conduct investigation because of the incident. He will not face criminal charges because the statute of limitations on
a charge of felony injury to a child has expired.

Spankings under the guise of discipline are still commonplace in the United States. A fair share of reaction to the
YouTube video contained the sentiment that physical discipline reinforces the notion of consequences for actions.
"Parents waste a lot of words on kids. Kids want what they want. A lot of times, a good spank to the bottom
communicates the words that you have to communicate," said Chad Smith, a personal trainer from Hagerstown,
Maryland, whose mother took a belt to him whenever he got out of line.

"That being said, there's a difference between discipline and abuse. People tend to think of abuse when they think
of manual correction, but there's a line there. With that video, what got to me was her age, and the fact it went on
for so long."

For Tara, who endured prolonged or severe instances of violence under the guise of discipline, the video took her
breath away. It also forced her to  reflect upon how her experiences with "physical correction" had altered the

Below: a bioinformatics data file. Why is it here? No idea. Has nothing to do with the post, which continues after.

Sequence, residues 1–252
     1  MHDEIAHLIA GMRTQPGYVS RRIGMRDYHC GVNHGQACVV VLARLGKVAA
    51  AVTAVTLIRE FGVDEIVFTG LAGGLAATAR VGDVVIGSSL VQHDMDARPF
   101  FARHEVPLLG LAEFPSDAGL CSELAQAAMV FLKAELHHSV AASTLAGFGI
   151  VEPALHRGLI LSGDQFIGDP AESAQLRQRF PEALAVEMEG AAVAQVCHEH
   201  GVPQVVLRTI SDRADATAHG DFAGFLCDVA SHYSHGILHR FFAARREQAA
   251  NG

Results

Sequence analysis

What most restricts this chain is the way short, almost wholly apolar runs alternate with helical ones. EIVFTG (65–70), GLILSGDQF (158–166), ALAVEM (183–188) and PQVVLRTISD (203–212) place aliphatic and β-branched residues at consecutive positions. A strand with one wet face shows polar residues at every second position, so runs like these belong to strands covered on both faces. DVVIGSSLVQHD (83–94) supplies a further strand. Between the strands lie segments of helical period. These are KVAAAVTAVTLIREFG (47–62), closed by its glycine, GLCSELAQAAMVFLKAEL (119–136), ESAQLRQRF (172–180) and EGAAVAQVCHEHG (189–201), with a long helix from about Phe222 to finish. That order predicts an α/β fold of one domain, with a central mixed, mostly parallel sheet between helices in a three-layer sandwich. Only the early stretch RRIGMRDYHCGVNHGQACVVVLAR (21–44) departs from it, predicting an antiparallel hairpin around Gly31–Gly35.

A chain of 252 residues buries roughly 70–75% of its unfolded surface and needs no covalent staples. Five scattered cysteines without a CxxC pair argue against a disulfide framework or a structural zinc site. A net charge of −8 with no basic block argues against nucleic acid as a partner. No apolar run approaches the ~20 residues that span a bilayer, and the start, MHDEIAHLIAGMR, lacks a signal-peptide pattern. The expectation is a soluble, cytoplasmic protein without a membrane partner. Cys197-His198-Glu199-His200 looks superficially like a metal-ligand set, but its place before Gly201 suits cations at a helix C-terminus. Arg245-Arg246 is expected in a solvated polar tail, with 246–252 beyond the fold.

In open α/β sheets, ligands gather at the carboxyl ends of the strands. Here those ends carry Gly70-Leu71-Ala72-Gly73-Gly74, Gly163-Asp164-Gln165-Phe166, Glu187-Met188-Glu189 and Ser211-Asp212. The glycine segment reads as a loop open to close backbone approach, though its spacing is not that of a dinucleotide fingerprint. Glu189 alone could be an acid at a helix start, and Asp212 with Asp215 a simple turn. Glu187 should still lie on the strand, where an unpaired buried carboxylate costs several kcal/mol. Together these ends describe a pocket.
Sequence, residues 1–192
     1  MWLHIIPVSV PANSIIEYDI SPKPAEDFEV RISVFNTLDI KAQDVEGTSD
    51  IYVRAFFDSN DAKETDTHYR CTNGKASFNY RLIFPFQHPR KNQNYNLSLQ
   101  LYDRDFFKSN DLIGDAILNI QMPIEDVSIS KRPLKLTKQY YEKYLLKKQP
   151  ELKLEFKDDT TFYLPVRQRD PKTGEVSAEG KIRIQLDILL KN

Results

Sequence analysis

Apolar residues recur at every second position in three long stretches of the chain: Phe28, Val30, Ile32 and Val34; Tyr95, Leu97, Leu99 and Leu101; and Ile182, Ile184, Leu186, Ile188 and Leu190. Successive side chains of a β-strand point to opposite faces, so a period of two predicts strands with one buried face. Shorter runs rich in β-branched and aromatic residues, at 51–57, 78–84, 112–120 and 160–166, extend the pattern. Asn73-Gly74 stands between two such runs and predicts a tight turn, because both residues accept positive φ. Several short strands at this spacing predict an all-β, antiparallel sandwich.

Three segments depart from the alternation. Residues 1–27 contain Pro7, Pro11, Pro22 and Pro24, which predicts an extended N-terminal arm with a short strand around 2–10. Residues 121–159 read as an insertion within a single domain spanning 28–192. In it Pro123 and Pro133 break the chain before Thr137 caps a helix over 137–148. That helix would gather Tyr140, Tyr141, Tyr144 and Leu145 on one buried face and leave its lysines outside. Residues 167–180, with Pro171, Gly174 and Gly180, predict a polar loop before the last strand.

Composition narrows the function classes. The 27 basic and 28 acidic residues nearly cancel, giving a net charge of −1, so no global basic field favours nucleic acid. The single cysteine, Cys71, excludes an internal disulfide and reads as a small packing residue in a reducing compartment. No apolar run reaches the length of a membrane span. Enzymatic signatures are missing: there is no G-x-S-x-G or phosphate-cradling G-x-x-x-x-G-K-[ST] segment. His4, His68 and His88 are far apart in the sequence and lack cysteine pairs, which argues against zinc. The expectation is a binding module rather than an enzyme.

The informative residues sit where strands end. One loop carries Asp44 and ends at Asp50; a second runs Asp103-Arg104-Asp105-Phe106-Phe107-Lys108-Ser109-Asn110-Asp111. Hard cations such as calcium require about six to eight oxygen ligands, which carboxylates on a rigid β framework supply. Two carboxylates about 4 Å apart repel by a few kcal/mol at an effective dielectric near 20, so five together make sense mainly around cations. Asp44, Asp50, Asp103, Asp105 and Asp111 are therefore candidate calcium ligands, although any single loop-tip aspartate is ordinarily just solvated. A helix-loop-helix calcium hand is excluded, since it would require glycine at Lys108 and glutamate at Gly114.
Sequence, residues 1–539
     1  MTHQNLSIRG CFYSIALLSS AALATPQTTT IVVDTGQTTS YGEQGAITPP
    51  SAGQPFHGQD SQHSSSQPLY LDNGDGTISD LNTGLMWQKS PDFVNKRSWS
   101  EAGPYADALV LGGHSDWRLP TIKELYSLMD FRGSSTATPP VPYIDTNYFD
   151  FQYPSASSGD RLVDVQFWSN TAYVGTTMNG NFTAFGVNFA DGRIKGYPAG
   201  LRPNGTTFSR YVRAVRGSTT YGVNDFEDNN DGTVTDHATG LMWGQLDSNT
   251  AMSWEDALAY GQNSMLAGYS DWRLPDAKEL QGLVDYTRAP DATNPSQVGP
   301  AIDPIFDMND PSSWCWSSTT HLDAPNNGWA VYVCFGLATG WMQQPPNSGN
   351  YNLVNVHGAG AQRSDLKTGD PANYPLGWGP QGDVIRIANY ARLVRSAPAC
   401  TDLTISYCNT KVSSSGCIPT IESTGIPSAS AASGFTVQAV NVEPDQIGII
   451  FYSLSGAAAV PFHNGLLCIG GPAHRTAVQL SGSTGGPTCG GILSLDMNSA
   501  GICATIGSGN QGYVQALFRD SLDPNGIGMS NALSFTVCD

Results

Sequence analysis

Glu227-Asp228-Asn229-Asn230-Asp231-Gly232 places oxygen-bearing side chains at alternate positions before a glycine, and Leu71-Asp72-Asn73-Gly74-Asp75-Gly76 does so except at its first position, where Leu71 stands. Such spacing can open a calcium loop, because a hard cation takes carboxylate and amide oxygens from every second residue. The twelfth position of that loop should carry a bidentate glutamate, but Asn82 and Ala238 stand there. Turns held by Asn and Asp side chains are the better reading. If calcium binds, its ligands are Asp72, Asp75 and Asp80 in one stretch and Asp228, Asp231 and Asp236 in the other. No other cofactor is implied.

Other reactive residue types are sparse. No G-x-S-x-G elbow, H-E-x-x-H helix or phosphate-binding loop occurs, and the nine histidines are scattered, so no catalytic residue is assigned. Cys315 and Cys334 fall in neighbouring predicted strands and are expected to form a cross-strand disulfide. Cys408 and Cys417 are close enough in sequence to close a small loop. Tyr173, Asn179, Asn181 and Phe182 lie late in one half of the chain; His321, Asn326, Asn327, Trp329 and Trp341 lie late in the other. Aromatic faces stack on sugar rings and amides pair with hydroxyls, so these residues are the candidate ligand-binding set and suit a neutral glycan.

course of her life.

"I suffer from anxiety and never really feel 'safe.' I worry a lot about the most trivial things, and I truly believe this is
a result of me never feeling safe in my own home," she said. "Luckily, I have a good therapist and an amazing
husband who doesn't have the same baggage as me."

She is lucky, because she, and many like her, might seek the familiarity of an emotionally volatile relationship or
subject their own children to similar treatment.

She grappled with the prospect of having children, fearing that she might treat them the same way her father
treated her.

"I can't say I never gave them a pop on the bottom in the beginning, but never to the same extent as my dad," she
said. "Counseling has helped me understand that when I get mad with them, it's up to me to stop and really think
and put things in perspective. Most of the time, it's based on things going on in my world that stress me out."
Just as crucial to seeking treatment was learning to forgive her parents -- still a work in progress, she said. It's not
about excusing or absolving them of what they did, but understanding what motivated the behavior and empathizing.
"He was beaten as a child as well, and I am sure this kind of behavior with his own children was a learned behavior,
but through education and understanding, I just can't imagine that an adult couldn't make better decisions to
change and make the lives of their own children better by doing the hard work to improve their own parenting